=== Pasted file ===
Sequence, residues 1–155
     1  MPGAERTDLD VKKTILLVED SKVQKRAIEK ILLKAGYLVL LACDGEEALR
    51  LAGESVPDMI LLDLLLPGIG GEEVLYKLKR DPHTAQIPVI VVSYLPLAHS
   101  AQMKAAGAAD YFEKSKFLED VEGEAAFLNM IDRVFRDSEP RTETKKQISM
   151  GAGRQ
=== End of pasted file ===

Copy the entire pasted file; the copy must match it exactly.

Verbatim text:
Sequence, residues 1–155
     1  MPGAERTDLD VKKTILLVED SKVQKRAIEK ILLKAGYLVL LACDGEEALR
    51  LAGESVPDMI LLDLLLPGIG GEEVLYKLKR DPHTAQIPVI VVSYLPLAHS
   101  AQMKAAGAAD YFEKSKFLED VEGEAAFLNM IDRVFRDSEP RTETKKQISM
   151  GAGRQ